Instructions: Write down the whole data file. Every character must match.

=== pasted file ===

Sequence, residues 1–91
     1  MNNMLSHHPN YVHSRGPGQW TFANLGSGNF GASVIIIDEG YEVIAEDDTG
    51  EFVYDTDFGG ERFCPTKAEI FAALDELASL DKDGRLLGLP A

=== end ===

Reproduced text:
Sequence, residues 1–91
     1  MNNMLSHHPN YVHSRGPGQW TFANLGSGNF GASVIIIDEG YEVIAEDDTG
    51  EFVYDTDFGG ERFCPTKAEI FAALDELASL DKDGRLLGLP A